Networking

What Separates Business Routers From Consumer Routers?

More Business Router Features

Attaching a wireless access point (WAP) to your router adds wireless capabilities to your network.
You might be surprised to learn that many business-class routers don’t include integrated wireless networking. If the one you select doesn’t, you can easily add such capability by deploying one or more wireless access points.

Higher-end business routers, meanwhile, deliver scalability, redundancy, and even stronger security features. Scalability defines the router’s ability to expand as your business grows. Expanding a network’s hardwired capabilities is easy: Plug another multiport ethernet switch into one of the router’s ports. Voila! More ports! (If you’re operating a complex network with a RADIUS server, multiple VLANs, and other features, you might need to invest in a managed switch.)

The only way to increase your Internet bandwidth, though, is to get additional connections to your Internet service provider via your router’s WAN (wide-area network) ports. While consumer and low-end business routers typically have just one WAN port, higher-end business-class routers have multiple WAN ports, so you can establish more than one connection to one or more ISPs. Establish two or more connections to the same ISP, and you can improve your network’s performance through load balancing. Establishing two or more connections to different ISPs provides redundancy for business continuity (since it’s unlikely that two ISPs will suffer an outage at the same time). Cisco’s RV016 Multi WAN VPN Router ($450), for example, is outfitted with 16 Fast Ethernet ports, including two that serve as dedicated WAN ports. But you can configure five of the other ports to function as WAN ports (making a total of seven) for load balancing or redundancy.

Here are some of the other features you can expect to find in a business-class router:

  • Robust VPN: Business-class routers provide virtual private networks that can handle many more users (anywhere from 5 to 100), while offering much stronger security than consumer models do. At its best, a VPN will provide an environment in which a remote user’s experience is no different than if they were working in the office and hardwired to the network.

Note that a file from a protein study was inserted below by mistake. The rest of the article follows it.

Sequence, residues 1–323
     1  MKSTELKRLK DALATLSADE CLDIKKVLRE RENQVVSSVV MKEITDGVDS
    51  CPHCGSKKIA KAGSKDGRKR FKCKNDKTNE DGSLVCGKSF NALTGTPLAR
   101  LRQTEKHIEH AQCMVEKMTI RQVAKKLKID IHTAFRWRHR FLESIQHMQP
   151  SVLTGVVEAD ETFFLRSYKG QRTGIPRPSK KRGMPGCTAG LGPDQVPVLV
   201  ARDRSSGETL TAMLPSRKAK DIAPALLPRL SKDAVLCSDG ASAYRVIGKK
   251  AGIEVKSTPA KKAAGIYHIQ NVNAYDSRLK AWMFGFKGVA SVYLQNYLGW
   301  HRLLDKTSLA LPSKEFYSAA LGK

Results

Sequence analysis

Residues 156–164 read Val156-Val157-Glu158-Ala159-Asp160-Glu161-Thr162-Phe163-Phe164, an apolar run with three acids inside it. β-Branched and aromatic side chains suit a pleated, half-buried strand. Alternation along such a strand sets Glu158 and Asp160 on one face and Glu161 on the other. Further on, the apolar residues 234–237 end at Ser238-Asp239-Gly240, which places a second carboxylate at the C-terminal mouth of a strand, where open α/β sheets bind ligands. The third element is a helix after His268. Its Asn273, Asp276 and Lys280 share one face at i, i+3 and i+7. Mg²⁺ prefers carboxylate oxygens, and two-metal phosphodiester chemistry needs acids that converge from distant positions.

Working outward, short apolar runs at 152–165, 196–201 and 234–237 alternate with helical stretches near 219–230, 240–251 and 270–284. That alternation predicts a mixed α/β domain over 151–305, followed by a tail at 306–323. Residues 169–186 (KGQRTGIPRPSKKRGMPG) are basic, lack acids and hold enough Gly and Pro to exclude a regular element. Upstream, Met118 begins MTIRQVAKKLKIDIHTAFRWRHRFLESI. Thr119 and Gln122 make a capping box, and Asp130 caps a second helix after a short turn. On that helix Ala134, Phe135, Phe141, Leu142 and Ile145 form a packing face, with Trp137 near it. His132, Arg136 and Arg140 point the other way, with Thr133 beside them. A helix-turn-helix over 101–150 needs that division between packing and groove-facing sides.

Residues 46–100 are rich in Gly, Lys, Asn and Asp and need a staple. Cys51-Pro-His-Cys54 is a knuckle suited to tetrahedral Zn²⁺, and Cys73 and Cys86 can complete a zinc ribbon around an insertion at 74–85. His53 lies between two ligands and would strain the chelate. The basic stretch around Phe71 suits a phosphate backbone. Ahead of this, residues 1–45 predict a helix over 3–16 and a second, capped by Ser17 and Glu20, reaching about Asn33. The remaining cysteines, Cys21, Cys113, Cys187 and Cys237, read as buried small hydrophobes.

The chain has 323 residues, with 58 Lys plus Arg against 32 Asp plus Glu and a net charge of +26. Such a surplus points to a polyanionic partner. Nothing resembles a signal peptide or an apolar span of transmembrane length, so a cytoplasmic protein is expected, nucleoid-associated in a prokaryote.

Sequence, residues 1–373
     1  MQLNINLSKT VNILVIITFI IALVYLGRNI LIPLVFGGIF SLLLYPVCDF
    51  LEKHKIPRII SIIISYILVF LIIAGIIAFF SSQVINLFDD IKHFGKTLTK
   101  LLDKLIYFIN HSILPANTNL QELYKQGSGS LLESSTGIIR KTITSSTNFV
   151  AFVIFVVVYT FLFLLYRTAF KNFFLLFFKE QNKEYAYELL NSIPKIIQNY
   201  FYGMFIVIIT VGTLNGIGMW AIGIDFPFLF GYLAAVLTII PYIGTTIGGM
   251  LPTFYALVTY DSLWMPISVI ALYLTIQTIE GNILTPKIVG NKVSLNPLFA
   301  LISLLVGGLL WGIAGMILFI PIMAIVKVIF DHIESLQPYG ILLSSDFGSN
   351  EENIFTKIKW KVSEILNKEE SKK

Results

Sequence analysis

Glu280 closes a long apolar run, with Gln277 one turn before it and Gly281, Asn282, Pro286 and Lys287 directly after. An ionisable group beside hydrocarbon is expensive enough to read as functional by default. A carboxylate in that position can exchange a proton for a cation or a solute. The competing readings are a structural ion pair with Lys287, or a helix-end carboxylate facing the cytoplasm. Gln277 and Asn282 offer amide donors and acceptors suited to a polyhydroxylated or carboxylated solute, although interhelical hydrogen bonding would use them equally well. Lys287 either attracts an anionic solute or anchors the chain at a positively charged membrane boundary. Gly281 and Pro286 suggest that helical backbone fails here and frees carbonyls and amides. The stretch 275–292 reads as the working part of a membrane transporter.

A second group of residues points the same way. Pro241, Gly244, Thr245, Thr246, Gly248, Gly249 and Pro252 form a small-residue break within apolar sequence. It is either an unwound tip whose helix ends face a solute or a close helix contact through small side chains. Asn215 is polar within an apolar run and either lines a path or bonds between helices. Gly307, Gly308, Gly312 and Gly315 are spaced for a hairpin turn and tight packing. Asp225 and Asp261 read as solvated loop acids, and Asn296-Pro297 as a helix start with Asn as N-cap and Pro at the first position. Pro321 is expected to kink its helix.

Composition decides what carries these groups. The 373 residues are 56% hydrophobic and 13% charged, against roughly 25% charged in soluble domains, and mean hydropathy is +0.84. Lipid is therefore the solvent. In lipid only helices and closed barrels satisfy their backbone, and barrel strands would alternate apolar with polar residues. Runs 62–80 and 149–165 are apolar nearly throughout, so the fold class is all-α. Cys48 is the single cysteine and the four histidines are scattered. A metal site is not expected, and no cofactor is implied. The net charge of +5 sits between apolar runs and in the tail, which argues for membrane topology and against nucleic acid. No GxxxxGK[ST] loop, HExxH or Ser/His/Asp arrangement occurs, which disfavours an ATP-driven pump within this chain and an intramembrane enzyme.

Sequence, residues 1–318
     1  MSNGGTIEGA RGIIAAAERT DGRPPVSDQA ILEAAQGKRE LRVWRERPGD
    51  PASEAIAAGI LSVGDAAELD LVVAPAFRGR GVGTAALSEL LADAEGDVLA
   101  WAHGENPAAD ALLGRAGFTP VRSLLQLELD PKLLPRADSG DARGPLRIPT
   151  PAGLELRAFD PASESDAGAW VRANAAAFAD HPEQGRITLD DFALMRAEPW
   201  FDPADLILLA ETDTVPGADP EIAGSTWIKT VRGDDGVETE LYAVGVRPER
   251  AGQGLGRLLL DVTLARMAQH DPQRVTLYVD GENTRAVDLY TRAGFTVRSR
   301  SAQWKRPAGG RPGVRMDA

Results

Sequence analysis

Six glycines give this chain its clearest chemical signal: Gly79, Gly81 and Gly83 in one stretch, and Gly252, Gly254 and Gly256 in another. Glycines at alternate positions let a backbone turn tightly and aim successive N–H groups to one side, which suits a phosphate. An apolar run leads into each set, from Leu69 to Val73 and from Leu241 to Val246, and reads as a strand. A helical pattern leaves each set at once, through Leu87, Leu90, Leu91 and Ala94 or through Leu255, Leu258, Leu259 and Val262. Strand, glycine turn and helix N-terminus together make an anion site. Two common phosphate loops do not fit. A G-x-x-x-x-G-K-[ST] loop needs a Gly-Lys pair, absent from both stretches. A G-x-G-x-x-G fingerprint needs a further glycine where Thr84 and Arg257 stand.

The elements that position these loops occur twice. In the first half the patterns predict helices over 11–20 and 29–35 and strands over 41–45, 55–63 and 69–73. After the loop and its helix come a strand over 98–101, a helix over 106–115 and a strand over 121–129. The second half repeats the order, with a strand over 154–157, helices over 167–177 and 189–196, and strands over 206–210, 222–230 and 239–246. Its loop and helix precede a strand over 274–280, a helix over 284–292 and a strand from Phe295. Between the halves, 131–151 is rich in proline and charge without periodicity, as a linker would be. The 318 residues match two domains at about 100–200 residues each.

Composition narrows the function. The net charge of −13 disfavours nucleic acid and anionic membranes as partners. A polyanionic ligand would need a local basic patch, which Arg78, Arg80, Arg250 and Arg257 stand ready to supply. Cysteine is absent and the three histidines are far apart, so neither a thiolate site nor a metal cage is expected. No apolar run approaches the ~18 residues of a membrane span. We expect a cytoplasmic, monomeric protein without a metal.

• SSL portal and SSL tunnel VPNs: These types of virtual private networks rely on Secure Sockets Layer encryption, so that users can access the network using their Web browser. Through an SSL portal VPN, users access a gateway to the secure network and present their credentials. Once authenticated, they see a Web page that acts as a portal to other services on the network. An SSL tunnel operates in a similar fashion but adds active content--Java, JavaScript, ActiveX, Flash applications, and the like--that are not accessible with an SSL portal VPN.
  • Virtual networks (VLANs): Known as guest networks on consumer routers, VLANs can perform the same function on a business-class router. But you can also set up other VLANs to segregate traffic on your network, so that sensitive data from one department--human resources, for instance--stays contained within that department’s own network. An entry-level business-class router is capable of supporting several virtual networks, while a high-end model can support a dozen or more.
  • IPv6 support: IPv6 (Internet Protocol version 6) is replacing IPv4 as the protocol for directing Internet traffic. IPv4 uses 32 bits to define an IP address, which limits the number of addresses that can be created--and that limit has almost been reached. Since IPv6 uses 128 bits to define an IP address, it can create a much larger pool of addresses. Though many new consumer routers support IPv6, it’s a crucial requirement for a business-class router.
  • DMZ port: If you have a computer that needs direct access to the Internet--an email or Web server, for instance--look for a router with a dedicated DMZ port. This feature will isolate that computer from the rest of your network on a dedicated subnetwork, so that if the system becomes compromised, the intruder won’t be able to gain access to the computers on your primary network.
  • Content filtering: This feature is the equivalent of the parental controls in a consumer router. You can block access to certain Internet content by using keywords or blacklists (prohibited URLs), or by allowing clients to access only permitted sites through a whitelist.
  • Wireless Distribution System (WDS): This protocol allows a wireless signal to be repeated by up to four repeaters in order to extend the network’s range. It’s increasingly common on consumer routers, too.

Which Class of Router Suits Your Business’s Needs?

In this overview, I haven’t covered every single feature that distinguishes business-class routers from their consumer cousins, but I have hit the high points. If you’re still wondering which type is right for you, consider these final tips.

If you want the best security features, if you have many employees who require frequent remote access to your network, if you run your own email, Web, or RADIUS server, or if you need to set up advanced VLANs, you should look long and hard at a business-class router. If you need load balancing or failover redundancy, you should be looking at the higher-end business models.

You can probably get by with a consumer router if you have just a few employees (who don’t require VPN access), if you don’t need sophisticated VLANs, if you don’t operate your own Web, email, or other type of server that needs to be hosted in a DMZ, and if you don’t plan to operate a RADIUS server. But when you compare prices, you might be surprised to discover that a consumer model won’t necessarily save you money.

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